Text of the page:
A remarkable ruined country house, lying immediately to the south of Springfield (Fife) and 3 miles (5 km) southwest of Cupar. Originally built as an unassuming villa by the Earl of Crawford in 1758, Crawford Priory was rebuilt from 1809 for Lady Mary Lindsay Crawford. The rebuilding was begun by architect David Hamilton (1768 - 1843) but in 1811, James Gillespie Graham (1776 - 1855) was retained to complete the work. Hamilton hid the earlier house in High Gothic, while Graham extended it to the rear in Ecclesiastical Gothic, giving it the style of a Priory. When the house passed to the 4th Earl of Glasgow in 1833, he made minor alterations and further restyling was completed by the 6th Earl in 1871. Reginald Fairlie moved the porch in 1920. This house has been described as "perhaps the most important Gothic Priory house in Scotland"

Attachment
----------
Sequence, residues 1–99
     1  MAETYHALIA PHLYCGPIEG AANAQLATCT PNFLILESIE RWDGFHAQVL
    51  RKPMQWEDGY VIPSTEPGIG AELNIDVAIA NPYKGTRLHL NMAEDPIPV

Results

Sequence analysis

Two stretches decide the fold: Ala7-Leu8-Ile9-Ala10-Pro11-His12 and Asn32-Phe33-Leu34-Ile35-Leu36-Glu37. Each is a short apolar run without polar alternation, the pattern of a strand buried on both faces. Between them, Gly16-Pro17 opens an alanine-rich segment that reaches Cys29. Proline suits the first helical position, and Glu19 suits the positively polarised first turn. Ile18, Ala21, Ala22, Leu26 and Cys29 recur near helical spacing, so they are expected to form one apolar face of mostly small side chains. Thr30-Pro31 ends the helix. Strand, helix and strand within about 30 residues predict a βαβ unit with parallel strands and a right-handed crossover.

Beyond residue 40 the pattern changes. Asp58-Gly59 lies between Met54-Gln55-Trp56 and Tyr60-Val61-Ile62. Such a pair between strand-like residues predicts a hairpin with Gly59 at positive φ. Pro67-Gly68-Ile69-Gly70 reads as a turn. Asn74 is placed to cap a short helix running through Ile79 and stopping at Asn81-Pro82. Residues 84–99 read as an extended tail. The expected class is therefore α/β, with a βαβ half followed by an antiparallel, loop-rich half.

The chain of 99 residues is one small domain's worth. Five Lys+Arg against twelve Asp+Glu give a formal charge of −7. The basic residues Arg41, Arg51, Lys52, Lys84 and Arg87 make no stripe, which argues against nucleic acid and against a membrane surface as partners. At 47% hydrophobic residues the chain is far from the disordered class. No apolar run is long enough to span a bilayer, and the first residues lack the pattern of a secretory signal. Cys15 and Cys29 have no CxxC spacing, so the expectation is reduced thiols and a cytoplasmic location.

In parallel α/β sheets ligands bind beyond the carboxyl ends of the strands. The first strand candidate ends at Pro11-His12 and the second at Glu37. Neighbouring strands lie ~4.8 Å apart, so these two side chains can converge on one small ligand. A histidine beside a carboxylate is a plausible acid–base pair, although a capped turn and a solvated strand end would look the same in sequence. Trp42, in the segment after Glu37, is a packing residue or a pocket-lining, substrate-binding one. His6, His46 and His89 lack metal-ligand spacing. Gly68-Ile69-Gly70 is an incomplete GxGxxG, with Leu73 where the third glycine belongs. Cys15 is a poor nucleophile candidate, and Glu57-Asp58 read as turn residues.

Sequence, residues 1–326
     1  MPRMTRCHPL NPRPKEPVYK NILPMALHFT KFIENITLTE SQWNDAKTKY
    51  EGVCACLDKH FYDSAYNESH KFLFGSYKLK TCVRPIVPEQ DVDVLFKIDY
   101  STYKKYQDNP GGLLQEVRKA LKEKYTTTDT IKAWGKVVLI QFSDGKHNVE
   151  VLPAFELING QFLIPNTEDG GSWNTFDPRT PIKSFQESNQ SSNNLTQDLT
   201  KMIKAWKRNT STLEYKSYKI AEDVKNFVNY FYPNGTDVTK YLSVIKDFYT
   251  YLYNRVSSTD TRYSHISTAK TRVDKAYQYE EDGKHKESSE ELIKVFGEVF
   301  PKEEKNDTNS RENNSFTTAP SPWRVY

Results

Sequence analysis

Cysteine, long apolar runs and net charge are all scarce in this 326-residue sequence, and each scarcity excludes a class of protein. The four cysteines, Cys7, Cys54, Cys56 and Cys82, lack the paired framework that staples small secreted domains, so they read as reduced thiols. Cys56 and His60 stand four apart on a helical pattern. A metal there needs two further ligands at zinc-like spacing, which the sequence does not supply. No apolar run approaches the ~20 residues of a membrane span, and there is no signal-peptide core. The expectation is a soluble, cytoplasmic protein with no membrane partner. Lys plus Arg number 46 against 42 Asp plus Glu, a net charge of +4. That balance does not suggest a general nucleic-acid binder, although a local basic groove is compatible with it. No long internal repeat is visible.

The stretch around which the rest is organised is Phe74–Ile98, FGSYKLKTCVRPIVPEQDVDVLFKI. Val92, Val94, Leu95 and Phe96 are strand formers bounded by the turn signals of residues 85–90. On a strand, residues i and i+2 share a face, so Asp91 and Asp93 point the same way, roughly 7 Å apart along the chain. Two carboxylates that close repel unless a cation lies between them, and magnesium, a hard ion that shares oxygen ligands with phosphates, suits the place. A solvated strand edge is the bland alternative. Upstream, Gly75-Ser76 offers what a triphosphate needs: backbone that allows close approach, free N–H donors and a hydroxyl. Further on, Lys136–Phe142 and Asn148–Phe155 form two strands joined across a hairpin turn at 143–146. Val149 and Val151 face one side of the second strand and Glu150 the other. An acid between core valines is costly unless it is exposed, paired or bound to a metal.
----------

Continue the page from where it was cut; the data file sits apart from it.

As changing financial circumstances meant that maintaining a country house became exorbitantly expensive, so parts of Crawford Priory were closed off. Eventually the entire house was abandoned and it has lain derelict since 1971, slowly falling apart.